August 7, 2014 was a day I’ll long remember. That day unfolded in Fort Lauderdale, Fl at the ATA (American Tennis Association) championships.
It was a celebratory day, a day set aside to recognize, thank, and enshrine seven illustrious inductees into the Black Tennis Hall of Fame.
One of those seven was a true “tennis pioneer,” in my book, an iconic American hero.
His name is Richard A. Hudlin.
Hallelujah! Finally, this incredibly accomplished, quietly effective foot soldier has received a “proper” welcoming into the ranks of historical predecessors who made it possible for many, many others to follow, strive, and persevere in tennis.
In the mid 1920’s, Richard Hudlin attended the University of Chicago, which during that time was considered one of the premier institutions of higher education in the nation. It was one of the “Big Ten” colleges.
And, if attending such a preeminent school were not enough, Hudlin was also a member of UOC tennis team from 1926 to 1928. He was the only black on those teams.
Although great strides have been made, race remains one of the most divisive issues in American society. Having said that, imagine what it was like 86 years ago, when in 1928, Hudlin was selected as captain of the UOC tennis team thereby making him the first black captain of a Big-Ten college tennis team.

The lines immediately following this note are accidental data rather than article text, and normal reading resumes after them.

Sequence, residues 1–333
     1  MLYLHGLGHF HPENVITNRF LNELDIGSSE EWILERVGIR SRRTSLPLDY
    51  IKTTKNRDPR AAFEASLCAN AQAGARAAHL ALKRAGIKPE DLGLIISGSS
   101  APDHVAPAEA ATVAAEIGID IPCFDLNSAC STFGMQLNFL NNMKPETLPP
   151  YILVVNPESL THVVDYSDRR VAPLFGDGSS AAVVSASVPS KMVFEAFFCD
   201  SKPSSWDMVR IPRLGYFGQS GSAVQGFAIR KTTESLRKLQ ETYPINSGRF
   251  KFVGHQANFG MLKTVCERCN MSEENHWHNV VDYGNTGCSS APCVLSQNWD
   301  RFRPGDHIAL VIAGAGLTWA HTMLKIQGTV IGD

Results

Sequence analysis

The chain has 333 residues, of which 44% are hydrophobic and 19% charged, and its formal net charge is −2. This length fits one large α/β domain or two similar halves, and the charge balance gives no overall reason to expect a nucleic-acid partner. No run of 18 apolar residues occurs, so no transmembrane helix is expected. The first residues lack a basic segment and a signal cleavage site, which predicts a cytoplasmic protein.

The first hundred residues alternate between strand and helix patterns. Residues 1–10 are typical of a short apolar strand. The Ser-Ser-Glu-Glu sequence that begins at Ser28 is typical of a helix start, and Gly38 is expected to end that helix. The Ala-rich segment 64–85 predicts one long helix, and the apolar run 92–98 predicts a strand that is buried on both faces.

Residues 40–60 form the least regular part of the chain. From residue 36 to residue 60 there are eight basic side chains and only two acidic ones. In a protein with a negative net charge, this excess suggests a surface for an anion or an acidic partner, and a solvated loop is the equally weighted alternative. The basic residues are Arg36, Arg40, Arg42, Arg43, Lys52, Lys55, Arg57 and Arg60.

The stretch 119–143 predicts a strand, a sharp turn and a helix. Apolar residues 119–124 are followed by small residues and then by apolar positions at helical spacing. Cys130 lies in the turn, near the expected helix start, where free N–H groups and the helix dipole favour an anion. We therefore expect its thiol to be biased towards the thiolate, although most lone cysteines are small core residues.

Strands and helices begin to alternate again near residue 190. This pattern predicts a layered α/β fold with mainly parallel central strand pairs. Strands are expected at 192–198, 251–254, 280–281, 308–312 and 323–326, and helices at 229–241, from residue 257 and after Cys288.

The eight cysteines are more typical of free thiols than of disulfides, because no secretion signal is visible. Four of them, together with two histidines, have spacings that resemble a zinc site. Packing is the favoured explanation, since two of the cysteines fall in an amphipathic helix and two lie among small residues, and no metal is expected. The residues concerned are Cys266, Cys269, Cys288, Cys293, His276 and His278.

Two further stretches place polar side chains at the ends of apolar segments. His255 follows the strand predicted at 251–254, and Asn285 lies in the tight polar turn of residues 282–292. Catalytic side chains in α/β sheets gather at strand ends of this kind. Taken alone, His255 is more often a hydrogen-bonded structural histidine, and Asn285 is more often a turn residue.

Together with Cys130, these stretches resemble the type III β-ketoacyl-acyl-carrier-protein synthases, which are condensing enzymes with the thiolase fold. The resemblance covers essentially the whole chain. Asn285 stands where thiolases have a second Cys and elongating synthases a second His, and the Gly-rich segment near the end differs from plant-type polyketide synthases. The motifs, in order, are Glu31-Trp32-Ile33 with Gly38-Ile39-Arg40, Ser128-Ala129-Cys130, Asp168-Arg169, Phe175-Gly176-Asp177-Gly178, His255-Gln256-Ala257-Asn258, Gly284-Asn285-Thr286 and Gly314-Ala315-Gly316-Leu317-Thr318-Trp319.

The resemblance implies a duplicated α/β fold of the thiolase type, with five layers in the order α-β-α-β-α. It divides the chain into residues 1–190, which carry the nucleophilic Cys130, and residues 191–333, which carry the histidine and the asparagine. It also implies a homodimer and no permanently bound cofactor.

Who’d have been willing to do what he did? The answer is “few.”
But somebody had to do it, be the first that is. Clearly, Mr. Hudlin was up to the task.
17 years later, in St. Louis, Missouri, he would again achieve an unprecedented feat by filing a lawsuit against the City of St. Louis and municipal tennis association to gain access for his players of color to tournaments conducted in public parks. The suit was adjudicated in his favor.
The “walls of exclusion” were replaced by opened gates for inclusion. Again, a difficult undertaking needed doing and, once again, Hudlin stepped forward and persevered.
I was asked by Mr. Bob Davis, he too a 2014 inductee, if I’d be willing to attend the induction gala to introduce Mr. Hudlin and accept the posthumous hall of fame memento and induction certification in the event none of his immediate family was present. Of course my answer was a resounding “yes.” After all, it was I who nominated him.
I prepared an abbreviated speech highlighting several of Mr. Hudlin’s stellar achievements from a life-resume of remarkable work. Unfortunately, due to some organizational glitches (too many speakers in too little time or not having speakers limit their remarks so as to consume only a preordained number of minutes etc), time constraints prevented me from delivering my sub-five minute speech. While certainly unintentional, it was a disservice to the memory of a truly great man.
So, for the sake of venting a bit of personal frustration and to honor Mr. Hudlin’s induction, I’ve included the link below with the comments I’d prepared.
Despite my slight disappointment, I’d do it all again, because at the end of the day, Mr. Hudlin has been afforded the “props” he’s so richly deserved for such a long, long time.
Mr. Richard A. Hudlin is now a cherished member of an exalted group of blacks who made it possible for all of us and all of tennis to thrive, flourish and burgeon into the spectacular sport that it’s become.
He’s a recognized, sanctioned member of the Black Tennis Hall of Fame.